Health Challenge Week 3: Why Drinking Water is Important for Weight Loss

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woman athlete takes a break, she drinking water, out on a run on a hot day

Why Drinking Water is Important for Weight Loss

Drinking more water can help you eat less! Drinking water is important for weight loss because it hydrates you without putting in extra calories. Drinking water before a meal will help you feel fuller sooner. It can help you to replace unneeded calories found in snacks or in large portions at mealtime. The general recommendation is to spread out 8-8oz glasses of water throughout the day for a total of 64oz.

Dieters may need to add more water to boost the body’s ability to flush out waste. If you are in hot weather you’ll need to drink more and if you exercise you’ll need even more. It’s possible to lose up to a quart of water in an hour of exercise! There are plenty of tactics to boost your water intake like using a water tracking app, adding it in through food like veggies that have high water content, or spicing up your water with a piece of fruit!

The Science of H2O

You may have heard before that drinking water is important for weight loss. But do you know how your body uses the water you drink to turn fat into energy? Your kidney’s job is to keep the good stuff and get rid of the rest. Your kidneys rely on a certain level of water to run properly and when you are dehydrated, your kidneys have to work much harder or push the workload on another organ. That workload gets transferred to the liver, which already has an important job. When the workload is divided, your liver can’t turn as much fat into energy, leaving you feeling crummy and heavier than you should be. The less fat that the liver has to metabolize, the better!

When it’s dehydrated, your body will go into survival mode. In survival mode, your body will hang on to as much water as it can, also known as retaining water. Water retention leads to slowed metabolism and less weight loss. Here are some signs that you might be dehydrated:

  • Feeling thirsty (obvious, but often ignored)
  • Headache
  • Fatigue
  • Flushed or dry skin
  • Low blood pressure
  • Lack of energy
  • Muscle cramps or spasms

Researchers estimate that over the course of a year, a person who increases their water consumption by 1.5 liters a day would burn an extra 17,400 calories, for a weight loss of approximately five pounds. They note that up to 40% of the increase in calorie burning is caused by the body’s attempt to heat the ingested water. The findings are reported in the December issue of The Journal of Clinical Endocrinology and Metabolism

Benefits of Good Hydration Habits

1) Improved bodily functions: Drinking sufficient water helps your body get the right balance of nutrients because your body is 60% water. Water transports nutrients, maintains body temperature, assists in digestion
and absorption, and is key to good circulation.

2) Weight Loss/Control: Water helps with the process of weight loss by efficiently processing the foods you eat. It helps give you a “full” feeling and helps you feel more energized so that you can get the most out of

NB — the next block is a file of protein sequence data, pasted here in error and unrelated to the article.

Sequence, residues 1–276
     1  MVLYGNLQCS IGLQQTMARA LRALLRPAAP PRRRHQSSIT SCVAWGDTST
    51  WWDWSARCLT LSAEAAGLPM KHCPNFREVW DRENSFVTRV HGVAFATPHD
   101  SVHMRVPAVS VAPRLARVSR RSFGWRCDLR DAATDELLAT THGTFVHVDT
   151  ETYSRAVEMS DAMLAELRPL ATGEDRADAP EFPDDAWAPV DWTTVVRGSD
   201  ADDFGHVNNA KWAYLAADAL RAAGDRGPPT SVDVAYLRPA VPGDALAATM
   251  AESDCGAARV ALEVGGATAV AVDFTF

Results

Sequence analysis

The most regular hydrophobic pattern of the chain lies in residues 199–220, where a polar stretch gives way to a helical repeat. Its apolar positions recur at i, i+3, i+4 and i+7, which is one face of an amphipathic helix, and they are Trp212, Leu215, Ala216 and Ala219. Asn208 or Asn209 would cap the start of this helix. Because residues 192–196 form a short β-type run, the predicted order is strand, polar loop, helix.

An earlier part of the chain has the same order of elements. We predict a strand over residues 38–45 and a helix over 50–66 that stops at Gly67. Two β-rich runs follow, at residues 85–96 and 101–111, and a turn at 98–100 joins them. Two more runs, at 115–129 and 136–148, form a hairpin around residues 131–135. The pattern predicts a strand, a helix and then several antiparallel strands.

your exercise program. Water also helps flush out by-products of fat breakdown.

3) Energizes Muscles: When muscle cells don’t have enough fluids, they won’t work as well. It is essential to drink water during exercise to replenish the fluids that you’re losing. Consume water before it’s needed and
you’ll avoid the negative effects of dehydration that occur through sweating.

4) Help Kidney Function: A moderate increase in water consumption can clear sodium, urea, and toxins from the body, decreasing the likelihood of kidney related problems and even kidney stones.

5) Regular Bowel Movements/Removal of Toxins: For proper bowel movements your body needs fiber and water. If your body is short on fiber, your body will pull water from stool, giving you constipation. Even if
you’re lacking in fiber, your body can relieve constipation if it has sufficient water. Clean and pure water also does a great job of flushing out toxins from the body through sweat, bowel movements, and urine.

6) Increase Energy/Reduce Headaches: Even before you begin to feel thirsty, the effects of mild dehydration can decrease energy, mood, and thinking. Staying hydrated can decrease the chances of headaches caused by
severe dehydration.

7) Prevent Cramping: In sports, cramps can be caused by a lack of water. Increase your water intake and you can prevent one of the major causes of cramping.

8) Strengthen the Immune System: Water oxygenates the blood, removes toxins, increases lymph production, cleans eyes and mouth, helps digest food, helps fight insomnia, lubricates joints, and increases serotonin
production (fights depression).

Drinking enough water can help you perform better at the office, the gym, and the dinner table!

Print this chart to stay on track: 

 

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